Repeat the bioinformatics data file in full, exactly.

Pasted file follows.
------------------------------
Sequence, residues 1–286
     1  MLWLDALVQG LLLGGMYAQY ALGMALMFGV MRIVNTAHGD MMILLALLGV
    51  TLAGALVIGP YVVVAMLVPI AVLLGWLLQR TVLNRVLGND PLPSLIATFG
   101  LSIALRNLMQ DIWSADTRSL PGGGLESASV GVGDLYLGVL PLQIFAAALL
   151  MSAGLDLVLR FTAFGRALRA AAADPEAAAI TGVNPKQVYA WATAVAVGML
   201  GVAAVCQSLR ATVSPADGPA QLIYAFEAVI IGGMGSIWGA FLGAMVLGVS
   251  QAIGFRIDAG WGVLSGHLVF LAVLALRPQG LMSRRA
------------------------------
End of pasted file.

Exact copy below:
Sequence, residues 1–286
     1  MLWLDALVQG LLLGGMYAQY ALGMALMFGV MRIVNTAHGD MMILLALLGV
    51  TLAGALVIGP YVVVAMLVPI AVLLGWLLQR TVLNRVLGND PLPSLIATFG
   101  LSIALRNLMQ DIWSADTRSL PGGGLESASV GVGDLYLGVL PLQIFAAALL
   151  MSAGLDLVLR FTAFGRALRA AAADPEAAAI TGVNPKQVYA WATAVAVGML
   201  GVAAVCQSLR ATVSPADGPA QLIYAFEAVI IGGMGSIWGA FLGAMVLGVS
   251  QAIGFRIDAG WGVLSGHLVF LAVLALRPQG LMSRRA